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Scribble, scribble, scribble : writings on ice cream, Obama, Churchill and my mother / Simon Schama.

By: Schama, Simon.
Material type: materialTypeLabelBookPublisher: London : Bodley Head, 2010Description: xxiv, 427 pages, [8] pages of plates : illustrations (some color), portraits ; 24 cm.Content type: text Media type: unmediated Carrier type: volumeISBN: 9781847921314 (hbk.); 1847921310 (hbk.).Subject(s): Schama, Simon -- Correspondence | Schama, Simon -- Diaries | Schama, Simon -- Miscellanea | History | Arts | Political science | Travel | CookingDDC classification: 828 Summary: "Cookery is not necessarily a subject one immediately associates with Simon Schama - one of Britain's most distinguished historians and commentators. But this selection of his occasional writings is a treasure trove of surprises. Passionate, provocative, entertaining and informative, Scribble, Scribble, Scribble ranges far and wide: from cookery and family to Barack Obama, from preaching and Shakespeare to Victorian sages, from Leonard Cohen and Hurricane Katrina to 'The Fate of Eloquence in the Age of The Osbornes'. Never predictable, always stimulating, Scribble, Scribble, Scribble allows us to view the world, in all its diversity, through the eyes of one of its most original inhabitants."--Publisher's description.
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Enhanced descriptions from Syndetics:

" Wednesday brought a pungent sheepy smell emanating from the greyish lamb and barley soup my mother optimistically called Taste of the Garden of Eden . Expel me, please. Haddock in the air? That would be Thursday. The faintest whiff of roasting garlic? That would be what my sister and I uncharitably dubbed Friday Night Memorial Chicken ; a venerable object smeared on the breasts with a dab of marmite meant to cheer the bird up as it emerged defeated from the oven. Rattling inside the brittle cavity was that one solitary clove of garlic; the exotic knobble that my mother conceded as a romantic touch amid the iron regimen of her unvarying weekly routine. Cookery is not necessarily a subject one immediately associates with Simon Schama - one of Britain s most distinguished historians and commentators. But this selection of his occasional writings is a treasure trove of surprises. Passionate, provocative, entertaining and informative, Scribble, Scribble, Scribble ranges far and wide- from cookery and family to Barack Obama, from preaching and Shakespeare to Victorian sages, from Leonard Cohen and Hurricane Katrina to 'The Fate of Eloquence in the Age of The Osbornes'. Never pred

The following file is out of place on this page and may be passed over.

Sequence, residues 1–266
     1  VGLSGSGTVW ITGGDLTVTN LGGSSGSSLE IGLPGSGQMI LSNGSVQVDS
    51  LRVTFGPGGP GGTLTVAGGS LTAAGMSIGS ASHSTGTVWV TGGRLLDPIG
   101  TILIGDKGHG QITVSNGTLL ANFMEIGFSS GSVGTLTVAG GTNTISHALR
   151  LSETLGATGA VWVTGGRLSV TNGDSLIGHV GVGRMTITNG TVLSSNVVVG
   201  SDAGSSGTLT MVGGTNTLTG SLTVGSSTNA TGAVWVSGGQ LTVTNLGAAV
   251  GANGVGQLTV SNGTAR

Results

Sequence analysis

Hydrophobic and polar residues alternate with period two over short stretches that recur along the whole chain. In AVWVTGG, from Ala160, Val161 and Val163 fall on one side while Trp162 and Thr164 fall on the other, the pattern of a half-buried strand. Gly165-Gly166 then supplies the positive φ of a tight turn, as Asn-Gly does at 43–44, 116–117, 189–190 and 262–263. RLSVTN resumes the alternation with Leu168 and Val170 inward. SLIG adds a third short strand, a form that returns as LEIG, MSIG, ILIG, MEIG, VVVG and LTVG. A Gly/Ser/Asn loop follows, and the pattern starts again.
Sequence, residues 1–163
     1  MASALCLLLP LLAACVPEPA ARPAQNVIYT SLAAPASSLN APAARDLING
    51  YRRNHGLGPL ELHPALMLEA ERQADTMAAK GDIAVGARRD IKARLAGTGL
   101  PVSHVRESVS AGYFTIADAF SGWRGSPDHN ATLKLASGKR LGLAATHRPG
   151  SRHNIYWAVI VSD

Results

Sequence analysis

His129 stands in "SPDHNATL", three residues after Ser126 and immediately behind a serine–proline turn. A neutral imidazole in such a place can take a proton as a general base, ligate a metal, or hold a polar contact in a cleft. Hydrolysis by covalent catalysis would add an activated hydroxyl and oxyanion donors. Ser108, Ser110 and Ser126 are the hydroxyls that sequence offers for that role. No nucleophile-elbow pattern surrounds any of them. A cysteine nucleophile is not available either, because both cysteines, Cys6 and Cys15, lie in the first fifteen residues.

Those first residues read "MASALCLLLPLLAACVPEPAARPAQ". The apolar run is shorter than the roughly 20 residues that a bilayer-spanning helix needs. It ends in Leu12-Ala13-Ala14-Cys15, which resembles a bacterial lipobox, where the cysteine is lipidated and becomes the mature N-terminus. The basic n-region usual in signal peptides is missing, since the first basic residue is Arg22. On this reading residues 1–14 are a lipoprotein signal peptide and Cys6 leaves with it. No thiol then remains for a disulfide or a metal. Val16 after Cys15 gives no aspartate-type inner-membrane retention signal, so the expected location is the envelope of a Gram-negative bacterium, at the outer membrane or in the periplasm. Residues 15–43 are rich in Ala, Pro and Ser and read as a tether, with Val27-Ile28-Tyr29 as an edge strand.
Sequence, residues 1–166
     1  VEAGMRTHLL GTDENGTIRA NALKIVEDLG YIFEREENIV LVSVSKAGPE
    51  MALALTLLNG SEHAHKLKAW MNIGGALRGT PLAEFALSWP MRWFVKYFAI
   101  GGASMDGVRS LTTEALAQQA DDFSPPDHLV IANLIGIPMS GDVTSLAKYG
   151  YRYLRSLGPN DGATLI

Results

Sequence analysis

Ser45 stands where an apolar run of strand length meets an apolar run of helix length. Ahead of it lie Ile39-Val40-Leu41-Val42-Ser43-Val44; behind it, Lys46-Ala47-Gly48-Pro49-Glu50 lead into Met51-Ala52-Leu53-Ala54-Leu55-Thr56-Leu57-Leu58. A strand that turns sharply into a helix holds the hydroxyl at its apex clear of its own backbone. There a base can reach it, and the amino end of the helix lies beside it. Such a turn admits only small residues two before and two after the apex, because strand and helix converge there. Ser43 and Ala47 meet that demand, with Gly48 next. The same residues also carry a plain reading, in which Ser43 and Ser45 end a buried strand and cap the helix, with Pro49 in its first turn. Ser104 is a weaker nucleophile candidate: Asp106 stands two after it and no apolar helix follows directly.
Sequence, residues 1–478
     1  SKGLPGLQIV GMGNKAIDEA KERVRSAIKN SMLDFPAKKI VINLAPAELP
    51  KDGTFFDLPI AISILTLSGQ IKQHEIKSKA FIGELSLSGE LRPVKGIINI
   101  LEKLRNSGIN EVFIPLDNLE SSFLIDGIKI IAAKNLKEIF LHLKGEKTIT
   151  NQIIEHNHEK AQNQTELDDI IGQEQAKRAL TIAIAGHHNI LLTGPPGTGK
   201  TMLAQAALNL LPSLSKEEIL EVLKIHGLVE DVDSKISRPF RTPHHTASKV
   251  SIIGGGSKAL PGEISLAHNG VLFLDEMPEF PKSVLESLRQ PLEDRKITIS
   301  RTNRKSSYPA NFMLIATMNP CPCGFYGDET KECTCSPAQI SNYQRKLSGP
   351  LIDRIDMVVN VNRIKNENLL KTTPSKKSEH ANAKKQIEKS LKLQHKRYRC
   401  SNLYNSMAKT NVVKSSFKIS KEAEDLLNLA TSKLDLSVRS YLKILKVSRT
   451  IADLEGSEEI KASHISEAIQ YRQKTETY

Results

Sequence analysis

Includes bibliographical references.

"Cookery is not necessarily a subject one immediately associates with Simon Schama - one of Britain's most distinguished historians and commentators. But this selection of his occasional writings is a treasure trove of surprises. Passionate, provocative, entertaining and informative, Scribble, Scribble, Scribble ranges far and wide: from cookery and family to Barack Obama, from preaching and Shakespeare to Victorian sages, from Leonard Cohen and Hurricane Katrina to 'The Fate of Eloquence in the Age of The Osbornes'. Never predictable, always stimulating, Scribble, Scribble, Scribble allows us to view the world, in all its diversity, through the eyes of one of its most original inhabitants."--Publisher's description.

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Reviews provided by Syndetics

Library Journal Review